The Times-Gazette invites a “healthy debate” from its readers, says Abernathy, who adds that his paper’s Facebook page includes comments from “people on there regularly ripping the president.” Abernathy also refers to Hillsboro as “Trump Country”—a term embraced by many in the region , including editors who reside in districts that Trump won in 2016. While Trump claimed 52.1 percent of the vote in Ohio, that percentage rises to 76.3 in Highland County, where the Hillsboro Times-Gazette is published.

Marcus says reader reaction to Abernathy has been really good. “He’s a different kind of voice than we’ve had on our pages,” she says. “It was our intention to find people—not just somebody inside the Beltway—who can write with some intellectual rigor and insight in a pro-Trump way, but also to reflect the part of the country that’s not very well represented in our pages.”

 

If we’re going to do our job, those voices need to be heard. We need to have writers who can respectfully articulate the points of view.

 

OTHER MEDIA ORGANIZATIONS have made similar efforts to add pro-Trump conservative voices since the election. Even local newspapers in places that voted overwhelmingly for Trump had to re-evaluate the makeup of their opinion writers to sustain dialogue with their readers.

“Donald Trump changed the game in some big ways, and not just for The Washington Post but for a lot of other places,” says Tim Swarens, opinion director and columnist for the Indianapolis Star in Indiana, where Trump won 56.4 percent of the vote. “Some of the old-line conservative columnists, the traditional conservatives, they wouldn’t describe themselves as ‘out of step,’ but they are out of step for where the conservative movement has gone.”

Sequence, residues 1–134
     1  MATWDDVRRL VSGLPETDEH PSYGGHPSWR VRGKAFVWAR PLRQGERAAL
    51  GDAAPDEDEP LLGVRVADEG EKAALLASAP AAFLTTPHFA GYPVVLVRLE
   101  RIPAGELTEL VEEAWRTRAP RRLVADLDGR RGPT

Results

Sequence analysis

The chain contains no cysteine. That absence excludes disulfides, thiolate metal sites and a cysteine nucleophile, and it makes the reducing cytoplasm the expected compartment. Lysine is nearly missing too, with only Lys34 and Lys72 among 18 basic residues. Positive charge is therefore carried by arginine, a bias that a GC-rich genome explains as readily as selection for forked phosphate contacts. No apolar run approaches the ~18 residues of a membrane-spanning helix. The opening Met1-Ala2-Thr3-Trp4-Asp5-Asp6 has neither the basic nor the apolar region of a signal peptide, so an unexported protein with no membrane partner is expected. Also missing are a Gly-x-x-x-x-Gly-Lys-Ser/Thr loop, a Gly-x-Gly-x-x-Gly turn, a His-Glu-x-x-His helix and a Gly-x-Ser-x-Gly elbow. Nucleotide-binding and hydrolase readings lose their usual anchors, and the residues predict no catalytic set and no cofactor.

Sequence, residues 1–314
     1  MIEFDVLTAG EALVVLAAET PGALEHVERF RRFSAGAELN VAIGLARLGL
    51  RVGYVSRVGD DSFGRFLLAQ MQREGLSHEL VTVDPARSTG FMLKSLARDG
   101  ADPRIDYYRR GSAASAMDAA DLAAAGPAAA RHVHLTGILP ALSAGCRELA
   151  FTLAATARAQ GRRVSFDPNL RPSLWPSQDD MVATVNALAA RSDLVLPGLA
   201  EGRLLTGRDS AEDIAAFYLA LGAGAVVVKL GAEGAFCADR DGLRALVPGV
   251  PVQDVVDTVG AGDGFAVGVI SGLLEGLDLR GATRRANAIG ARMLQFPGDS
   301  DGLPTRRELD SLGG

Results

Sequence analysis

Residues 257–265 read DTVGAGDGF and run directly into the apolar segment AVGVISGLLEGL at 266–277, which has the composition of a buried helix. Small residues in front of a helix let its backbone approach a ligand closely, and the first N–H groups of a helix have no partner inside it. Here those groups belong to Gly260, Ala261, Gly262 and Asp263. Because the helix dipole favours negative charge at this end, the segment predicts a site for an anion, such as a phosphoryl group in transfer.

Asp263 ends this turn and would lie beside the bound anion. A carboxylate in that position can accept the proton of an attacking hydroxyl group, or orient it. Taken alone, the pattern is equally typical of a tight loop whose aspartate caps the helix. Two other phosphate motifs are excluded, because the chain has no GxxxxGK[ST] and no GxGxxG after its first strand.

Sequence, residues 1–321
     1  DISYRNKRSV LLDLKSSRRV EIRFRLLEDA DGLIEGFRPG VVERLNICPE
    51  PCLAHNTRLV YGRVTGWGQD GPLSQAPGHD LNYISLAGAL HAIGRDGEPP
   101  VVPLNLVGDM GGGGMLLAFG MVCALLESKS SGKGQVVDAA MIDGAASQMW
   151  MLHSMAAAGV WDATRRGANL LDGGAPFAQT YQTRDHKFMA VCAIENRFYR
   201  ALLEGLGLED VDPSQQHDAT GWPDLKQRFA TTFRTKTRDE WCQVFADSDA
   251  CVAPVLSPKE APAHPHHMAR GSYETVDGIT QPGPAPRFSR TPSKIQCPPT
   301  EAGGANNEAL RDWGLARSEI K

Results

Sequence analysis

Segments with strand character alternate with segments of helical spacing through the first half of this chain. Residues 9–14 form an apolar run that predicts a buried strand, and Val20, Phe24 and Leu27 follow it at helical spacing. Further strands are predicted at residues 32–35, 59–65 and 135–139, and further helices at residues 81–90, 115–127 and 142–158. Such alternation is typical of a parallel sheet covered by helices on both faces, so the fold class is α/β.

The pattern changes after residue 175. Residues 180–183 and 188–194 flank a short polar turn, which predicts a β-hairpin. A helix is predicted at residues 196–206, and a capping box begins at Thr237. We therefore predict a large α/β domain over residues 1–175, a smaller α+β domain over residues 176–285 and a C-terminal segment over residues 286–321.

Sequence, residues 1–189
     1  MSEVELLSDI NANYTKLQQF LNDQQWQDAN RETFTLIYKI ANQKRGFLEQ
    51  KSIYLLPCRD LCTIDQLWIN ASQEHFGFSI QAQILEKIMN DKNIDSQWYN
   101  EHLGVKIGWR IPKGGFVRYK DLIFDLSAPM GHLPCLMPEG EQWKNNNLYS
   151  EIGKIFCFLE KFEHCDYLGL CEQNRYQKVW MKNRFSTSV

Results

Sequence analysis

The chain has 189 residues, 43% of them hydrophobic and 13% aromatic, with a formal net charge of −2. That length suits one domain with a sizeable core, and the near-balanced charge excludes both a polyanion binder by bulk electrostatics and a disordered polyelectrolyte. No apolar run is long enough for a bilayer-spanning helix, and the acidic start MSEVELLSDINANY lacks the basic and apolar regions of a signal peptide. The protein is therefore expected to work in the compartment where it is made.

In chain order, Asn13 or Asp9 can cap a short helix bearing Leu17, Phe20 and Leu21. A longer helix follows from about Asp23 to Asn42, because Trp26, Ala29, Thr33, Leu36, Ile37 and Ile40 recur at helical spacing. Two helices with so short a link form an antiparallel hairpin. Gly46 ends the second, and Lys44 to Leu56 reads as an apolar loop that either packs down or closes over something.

For decades, the Star’s editorial pages were seen as staunchly conservative—so much so that, about 15 years ago, the paper actively recruited more liberal voices for balance. But its opinions still did not sufficiently align with the many readers who supported Trump, says Swarens. Ultimately, the Star recruited its own editorial cartoonist, Gary Varvel, to write columns. Varvel, who identifies as a conservative evangelical Christian, has since written columns that defend Vice President Mike Pence’s practice of not dining alone with a woman other than his wife and argue that Trump’s successes have been underreported.

“If we’re going to do our job, those voices need to be heard,” Swarens says. “We need to have writers who can respectfully articulate the points of view.”

The Star is getting ready to launch a conservative newsletter, “Views from the Right,” for which it will draw opinion from 109 Gannett papers plus USA Today. “It’s hard some weeks to find enough conservative content,” Swarens says. “I think that’s very reflective of where the news media are in general. There are conservative voices out there but there aren’t a lot of them. When you separate those who are supporting the president, it’s pretty small.”

Brian Cooper, editorial page editor for the Telegraph Herald in Dubuque, Iowa, faces the same challenge.